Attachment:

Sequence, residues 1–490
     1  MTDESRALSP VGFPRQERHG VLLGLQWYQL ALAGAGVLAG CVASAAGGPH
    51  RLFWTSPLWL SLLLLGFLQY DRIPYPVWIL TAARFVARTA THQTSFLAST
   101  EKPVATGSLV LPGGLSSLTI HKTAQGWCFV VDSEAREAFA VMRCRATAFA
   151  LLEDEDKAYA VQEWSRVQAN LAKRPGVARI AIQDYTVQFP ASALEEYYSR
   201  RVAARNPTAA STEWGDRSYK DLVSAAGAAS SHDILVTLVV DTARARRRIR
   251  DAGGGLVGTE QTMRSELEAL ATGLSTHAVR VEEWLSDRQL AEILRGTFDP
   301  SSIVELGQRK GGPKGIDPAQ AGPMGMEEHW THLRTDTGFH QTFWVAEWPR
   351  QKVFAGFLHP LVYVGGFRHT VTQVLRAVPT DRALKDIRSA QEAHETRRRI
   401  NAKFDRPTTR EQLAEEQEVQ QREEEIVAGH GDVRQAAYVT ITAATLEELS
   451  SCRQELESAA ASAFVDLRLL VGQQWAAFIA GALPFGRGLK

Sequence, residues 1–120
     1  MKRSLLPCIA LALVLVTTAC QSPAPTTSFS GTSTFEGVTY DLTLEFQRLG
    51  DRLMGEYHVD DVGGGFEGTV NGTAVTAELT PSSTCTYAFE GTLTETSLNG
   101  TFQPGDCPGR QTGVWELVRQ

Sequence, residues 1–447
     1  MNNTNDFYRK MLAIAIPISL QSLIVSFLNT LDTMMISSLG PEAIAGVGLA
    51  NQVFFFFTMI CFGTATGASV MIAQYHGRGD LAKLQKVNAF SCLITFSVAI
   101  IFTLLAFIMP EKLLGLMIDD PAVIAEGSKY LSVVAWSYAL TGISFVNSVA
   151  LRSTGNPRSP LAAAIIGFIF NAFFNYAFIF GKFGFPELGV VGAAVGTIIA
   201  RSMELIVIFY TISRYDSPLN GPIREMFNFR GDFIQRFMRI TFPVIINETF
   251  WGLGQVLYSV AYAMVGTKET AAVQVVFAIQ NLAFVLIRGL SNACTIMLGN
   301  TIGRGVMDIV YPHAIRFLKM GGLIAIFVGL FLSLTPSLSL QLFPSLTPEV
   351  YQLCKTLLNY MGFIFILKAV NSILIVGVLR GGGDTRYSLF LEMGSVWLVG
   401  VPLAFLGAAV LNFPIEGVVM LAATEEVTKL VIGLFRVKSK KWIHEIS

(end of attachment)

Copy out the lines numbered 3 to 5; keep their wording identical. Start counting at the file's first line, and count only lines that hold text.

    51  RLFWTSPLWL SLLLLGFLQY DRIPYPVWIL TAARFVARTA THQTSFLAST
   101  EKPVATGSLV LPGGLSSLTI HKTAQGWCFV VDSEAREAFA VMRCRATAFA
   151  LLEDEDKAYA VQEWSRVQAN LAKRPGVARI AIQDYTVQFP ASALEEYYSR